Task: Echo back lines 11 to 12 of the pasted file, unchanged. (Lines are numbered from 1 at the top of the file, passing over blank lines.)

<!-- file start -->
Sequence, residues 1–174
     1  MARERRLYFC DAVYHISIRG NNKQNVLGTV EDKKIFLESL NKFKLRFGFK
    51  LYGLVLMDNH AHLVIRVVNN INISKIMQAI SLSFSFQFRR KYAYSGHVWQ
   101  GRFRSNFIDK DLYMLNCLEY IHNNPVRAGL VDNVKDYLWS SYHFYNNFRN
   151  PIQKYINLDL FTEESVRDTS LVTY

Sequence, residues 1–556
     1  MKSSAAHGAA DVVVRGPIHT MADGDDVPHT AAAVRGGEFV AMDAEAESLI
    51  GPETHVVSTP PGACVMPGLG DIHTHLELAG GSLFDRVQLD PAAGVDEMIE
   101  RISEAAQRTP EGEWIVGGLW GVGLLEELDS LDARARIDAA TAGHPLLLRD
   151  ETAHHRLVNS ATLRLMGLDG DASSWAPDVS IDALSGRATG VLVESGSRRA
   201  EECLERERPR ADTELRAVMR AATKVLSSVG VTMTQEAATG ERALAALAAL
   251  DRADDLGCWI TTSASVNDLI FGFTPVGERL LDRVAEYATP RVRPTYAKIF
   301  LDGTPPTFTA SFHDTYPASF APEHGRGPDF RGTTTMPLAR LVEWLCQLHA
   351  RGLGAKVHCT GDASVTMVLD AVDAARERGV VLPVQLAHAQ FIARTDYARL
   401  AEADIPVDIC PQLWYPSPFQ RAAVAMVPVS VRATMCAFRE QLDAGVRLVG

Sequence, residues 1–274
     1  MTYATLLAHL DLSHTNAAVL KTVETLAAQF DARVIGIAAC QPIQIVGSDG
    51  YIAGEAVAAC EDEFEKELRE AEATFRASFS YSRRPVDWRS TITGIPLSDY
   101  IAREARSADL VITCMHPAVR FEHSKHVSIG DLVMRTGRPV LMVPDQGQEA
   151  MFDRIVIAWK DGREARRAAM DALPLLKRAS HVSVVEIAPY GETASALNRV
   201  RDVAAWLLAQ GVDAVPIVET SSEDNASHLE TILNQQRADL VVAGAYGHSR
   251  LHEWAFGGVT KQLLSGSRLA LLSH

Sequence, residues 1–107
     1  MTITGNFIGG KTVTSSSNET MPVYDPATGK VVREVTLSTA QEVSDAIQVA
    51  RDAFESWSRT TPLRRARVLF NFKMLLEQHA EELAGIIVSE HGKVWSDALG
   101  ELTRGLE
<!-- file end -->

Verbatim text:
   201  EECLERERPR ADTELRAVMR AATKVLSSVG VTMTQEAATG ERALAALAAL
   251  DRADDLGCWI TTSASVNDLI FGFTPVGERL LDRVAEYATP RVRPTYAKIF